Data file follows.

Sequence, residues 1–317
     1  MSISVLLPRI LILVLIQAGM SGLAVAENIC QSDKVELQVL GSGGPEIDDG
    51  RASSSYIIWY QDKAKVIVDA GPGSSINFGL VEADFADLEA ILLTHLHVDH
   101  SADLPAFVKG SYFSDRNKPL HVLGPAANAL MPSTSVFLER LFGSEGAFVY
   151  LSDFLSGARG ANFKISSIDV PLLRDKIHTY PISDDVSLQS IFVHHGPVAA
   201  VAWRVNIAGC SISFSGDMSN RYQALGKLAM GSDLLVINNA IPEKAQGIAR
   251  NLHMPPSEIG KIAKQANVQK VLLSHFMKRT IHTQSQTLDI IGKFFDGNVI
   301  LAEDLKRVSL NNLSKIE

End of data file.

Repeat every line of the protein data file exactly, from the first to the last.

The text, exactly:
Sequence, residues 1–317
     1  MSISVLLPRI LILVLIQAGM SGLAVAENIC QSDKVELQVL GSGGPEIDDG
    51  RASSSYIIWY QDKAKVIVDA GPGSSINFGL VEADFADLEA ILLTHLHVDH
   101  SADLPAFVKG SYFSDRNKPL HVLGPAANAL MPSTSVFLER LFGSEGAFVY
   151  LSDFLSGARG ANFKISSIDV PLLRDKIHTY PISDDVSLQS IFVHHGPVAA
   201  VAWRVNIAGC SISFSGDMSN RYQALGKLAM GSDLLVINNA IPEKAQGIAR
   251  NLHMPPSEIG KIAKQANVQK VLLSHFMKRT IHTQSQTLDI IGKFFDGNVI
   301  LAEDLKRVSL NNLSKIE